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Taiwan Studies seminar


The Treasure Island: History of Taiwan, 1624-1945

Admission requirements



Located strategically and blessed with abundant natural resources, Taiwan has played a pivotal role as a crucial junction for connections and interactions in East Asia and beyond. Throughout its long history over a thousand years, this treasure island (baodao) – originally populated by Austronesian peoples – attracted a succession of traders, pirates, colonial powers, and settlers driven by poverty, chaos, and desire in other Asian and more distant polities. This course will focus on Taiwan’s history from the seventeenth to the mid-twentieth centuries, a critical period characterized by profound changes and remarkable growth. Drawing from diverse primary and secondary sources, we will delve into significant political, economic, social, and cultural transformations and continuities of this island in East Asia from both chronological and thematic approaches. At the end of the course, students should be able to familiarise themselves with the importance and significance of Taiwan and its history in transforming itself from a seemingly underdeveloped frontier into one of the key economic hubs in a global context.

Course objectives

  • This course will provide an overview of the history of Taiwan between 1600 and 1945, in which students will obtain a critical understanding of the historical processes in shaping Taiwan in a transregional context.

  • Students will cultivate abilities to critically evaluate historical and historiographical arguments in the fields of Taiwanese, Asian, and global history.

  • They will develop familiarity with a range of disciplines and approaches, including gender, societal, intellectual, food, and sport, central to the past, present, and future of Taiwan.

  • They will also develop critical thinking, the ability to gather and process information working with secondary sources, as well as analytical, writing, and presentation skills.


The timetables are available through MyTimetable.

Mode of instruction


Assessment method


  • In-class presentation 30%

  • One short essay of 3000 words 50%

  • Class participation 20%


The final grade is established by determining the weighted average of all elements.


There will be no resit for the course work, but individual submissions can compensate each other.

For the term paper, only a previous submission for the first attempt qualifies students for the resit, and only if that submission scored a failing grade. First attempts that received a passing mark (5.5 or higher) cannot be improved through further revision.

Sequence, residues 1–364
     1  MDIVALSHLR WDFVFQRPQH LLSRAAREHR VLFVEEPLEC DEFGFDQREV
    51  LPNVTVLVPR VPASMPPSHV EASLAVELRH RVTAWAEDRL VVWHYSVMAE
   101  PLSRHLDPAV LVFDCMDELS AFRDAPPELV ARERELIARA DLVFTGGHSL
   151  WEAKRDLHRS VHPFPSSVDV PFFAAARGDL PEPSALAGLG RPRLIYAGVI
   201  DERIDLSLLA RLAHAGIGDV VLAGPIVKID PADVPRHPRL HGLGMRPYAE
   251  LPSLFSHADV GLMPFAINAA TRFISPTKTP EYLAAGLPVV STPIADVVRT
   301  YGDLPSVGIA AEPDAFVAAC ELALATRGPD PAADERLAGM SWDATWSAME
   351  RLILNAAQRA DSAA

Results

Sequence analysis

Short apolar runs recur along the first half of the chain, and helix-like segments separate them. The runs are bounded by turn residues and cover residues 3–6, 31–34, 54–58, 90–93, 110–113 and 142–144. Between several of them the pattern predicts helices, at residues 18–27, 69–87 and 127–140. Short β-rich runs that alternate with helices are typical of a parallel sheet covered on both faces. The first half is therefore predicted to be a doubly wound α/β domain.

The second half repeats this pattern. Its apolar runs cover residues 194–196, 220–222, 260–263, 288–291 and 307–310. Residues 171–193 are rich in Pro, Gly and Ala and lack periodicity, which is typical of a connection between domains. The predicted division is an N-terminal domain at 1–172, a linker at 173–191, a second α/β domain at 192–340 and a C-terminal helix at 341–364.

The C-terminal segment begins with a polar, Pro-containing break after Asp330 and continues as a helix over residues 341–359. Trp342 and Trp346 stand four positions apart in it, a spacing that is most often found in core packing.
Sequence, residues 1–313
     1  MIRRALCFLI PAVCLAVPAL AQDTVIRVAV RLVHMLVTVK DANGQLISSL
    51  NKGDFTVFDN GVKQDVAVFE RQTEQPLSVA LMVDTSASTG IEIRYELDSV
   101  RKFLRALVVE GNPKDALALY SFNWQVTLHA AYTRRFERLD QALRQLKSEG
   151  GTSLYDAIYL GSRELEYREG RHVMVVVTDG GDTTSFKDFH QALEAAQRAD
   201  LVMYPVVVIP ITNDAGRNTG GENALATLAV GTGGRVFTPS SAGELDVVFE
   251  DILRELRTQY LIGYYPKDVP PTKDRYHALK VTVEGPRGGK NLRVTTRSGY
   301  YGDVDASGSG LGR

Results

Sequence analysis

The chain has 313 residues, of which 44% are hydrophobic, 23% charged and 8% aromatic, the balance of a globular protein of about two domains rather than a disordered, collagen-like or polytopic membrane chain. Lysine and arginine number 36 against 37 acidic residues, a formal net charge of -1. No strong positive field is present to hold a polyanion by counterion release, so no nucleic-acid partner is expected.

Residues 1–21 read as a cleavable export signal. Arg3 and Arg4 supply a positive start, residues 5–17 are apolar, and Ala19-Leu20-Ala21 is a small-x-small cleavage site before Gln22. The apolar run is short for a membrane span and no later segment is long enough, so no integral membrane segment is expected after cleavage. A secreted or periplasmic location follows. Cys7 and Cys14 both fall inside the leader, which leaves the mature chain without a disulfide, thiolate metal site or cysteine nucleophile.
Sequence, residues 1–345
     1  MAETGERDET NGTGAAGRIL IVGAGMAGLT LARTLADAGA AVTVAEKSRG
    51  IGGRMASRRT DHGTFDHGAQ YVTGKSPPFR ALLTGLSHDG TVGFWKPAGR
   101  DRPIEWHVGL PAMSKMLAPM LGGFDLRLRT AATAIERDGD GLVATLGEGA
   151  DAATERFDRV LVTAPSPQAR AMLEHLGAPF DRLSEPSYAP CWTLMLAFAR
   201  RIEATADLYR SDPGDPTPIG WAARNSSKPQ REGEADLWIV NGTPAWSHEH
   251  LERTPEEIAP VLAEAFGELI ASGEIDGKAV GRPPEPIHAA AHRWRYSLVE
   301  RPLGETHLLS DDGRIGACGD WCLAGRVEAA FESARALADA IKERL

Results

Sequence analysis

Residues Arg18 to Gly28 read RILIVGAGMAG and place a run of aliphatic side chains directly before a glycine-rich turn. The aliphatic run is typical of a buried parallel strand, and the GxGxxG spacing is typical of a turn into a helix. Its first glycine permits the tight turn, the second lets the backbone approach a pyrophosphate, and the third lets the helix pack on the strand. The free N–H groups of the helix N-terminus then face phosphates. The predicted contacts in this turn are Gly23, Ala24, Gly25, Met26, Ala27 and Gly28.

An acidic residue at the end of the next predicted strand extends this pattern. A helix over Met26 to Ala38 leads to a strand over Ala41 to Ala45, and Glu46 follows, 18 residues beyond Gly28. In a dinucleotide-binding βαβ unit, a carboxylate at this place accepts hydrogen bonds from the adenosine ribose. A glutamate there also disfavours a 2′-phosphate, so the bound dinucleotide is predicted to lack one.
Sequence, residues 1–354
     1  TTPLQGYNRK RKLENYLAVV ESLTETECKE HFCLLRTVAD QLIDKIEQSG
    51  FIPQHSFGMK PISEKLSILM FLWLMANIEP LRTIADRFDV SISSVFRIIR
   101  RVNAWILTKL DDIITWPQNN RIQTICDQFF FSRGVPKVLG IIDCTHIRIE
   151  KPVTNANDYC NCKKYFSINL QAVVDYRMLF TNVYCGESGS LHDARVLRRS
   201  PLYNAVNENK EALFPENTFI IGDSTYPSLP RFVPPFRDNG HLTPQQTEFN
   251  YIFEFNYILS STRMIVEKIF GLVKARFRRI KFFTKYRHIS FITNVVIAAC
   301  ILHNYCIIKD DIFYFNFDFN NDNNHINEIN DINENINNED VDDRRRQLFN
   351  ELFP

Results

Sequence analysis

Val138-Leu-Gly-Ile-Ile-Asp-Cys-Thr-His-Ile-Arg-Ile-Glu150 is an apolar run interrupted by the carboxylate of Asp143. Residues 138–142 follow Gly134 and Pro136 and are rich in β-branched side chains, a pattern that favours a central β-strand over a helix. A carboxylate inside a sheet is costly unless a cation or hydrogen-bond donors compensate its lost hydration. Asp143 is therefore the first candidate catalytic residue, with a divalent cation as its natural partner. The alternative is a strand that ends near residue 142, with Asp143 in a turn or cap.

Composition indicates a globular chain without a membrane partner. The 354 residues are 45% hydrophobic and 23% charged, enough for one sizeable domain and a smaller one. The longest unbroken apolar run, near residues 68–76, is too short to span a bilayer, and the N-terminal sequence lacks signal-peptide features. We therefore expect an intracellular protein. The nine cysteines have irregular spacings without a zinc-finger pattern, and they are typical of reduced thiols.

Inspection and feedback

How and when an exam review will take place will be disclosed together with the publication of the exam results at the latest. If a student requests a review within 30 days after publication of the exam results, an exam review will have to be organized.

Reading list

  • Andrade, Tonio, How Taiwan Became Chinese: Dutch, Spanish, and Han Colonization in the Seventeenth Century (New York: Columbia University Press, 2008).

  • Andrade, Tonio, Lost Colony: The Untold Story of China's First Great Victory Over the West (Princeton: Princeton University Press, 2013).

  • Barclay, Paul D., Outcasts of Empire: Japan's Rule on Taiwan's "Savage Border," 1874-1945 (Berkeley: University of California Press, 2018).

  • Berry, Michael (ed.), The Musha Incident A Reader on the Indigenous Uprising in Colonial Taiwan (New York: Columbia University Press, 2022).

  • Binghui Liao, Dewei Wang (eds.), Taiwan Under Japanese Colonial Rule, 1895-1945: History, Culture, Memory (New York: Columbia University Press, 2006).

  • Dawley, Evan N., Becoming Taiwanese: Ethnogenesis in a Colonial City, 1880s-1950s (Leide: Brill, 2020).

  • Eskildsen, Robert, Transforming Empire in Japan and East Asia The Taiwan Expedition and the Birth of Japanese Imperialism (Singapore: Springer, 2019).

  • Hang, Xing, Conflict and Commerce in Maritime East Asia: The Zheng Family and the Shaping of the Modern World, C.1620-1720 (Cambridge: Cambridge University Press, 2015).

  • Manthorpe, Jonathan, Forbidden Nation: A History of Taiwan (New York: Palgrave Macmillan, 2005).

  • Po, Ronald C., The Blue Frontier: Maritime Vision and Power in the Qing Empire (Cambridge: Cambridge University Press, 2018).

  • Rubinstein, Murray A. (ed.), Taiwan: A New History (New York: M.E. Sharpe, 2007).

  • Shepherd, John Robert, Statecraft and political economy on the Taiwan frontier, 1600-1800 (Stanford: Stanford University Press, 1993).

  • Teng, Emma Jinhua, Taiwan’s Imagined Geography: Chinese Colonial Travel Writings and Pictures, 1683-1895 (Cambridge, MA: Harvard University Press, 2004).

  • Tsai, Shih-Shan Henry, Maritime Taiwan Historical Encounters with the East and the West (Abingdon: Taylor & Francis, 2014).

Further readings are listed in the syllabus.


Enrolment through MyStudyMap is mandatory.
General information about course and exam enrolment is available on the website


  • For substantive questions, contact the lecturer listed in the right information bar.

  • For questions about enrolment, admission, etc, contact the Education Administration Office: Vrieshof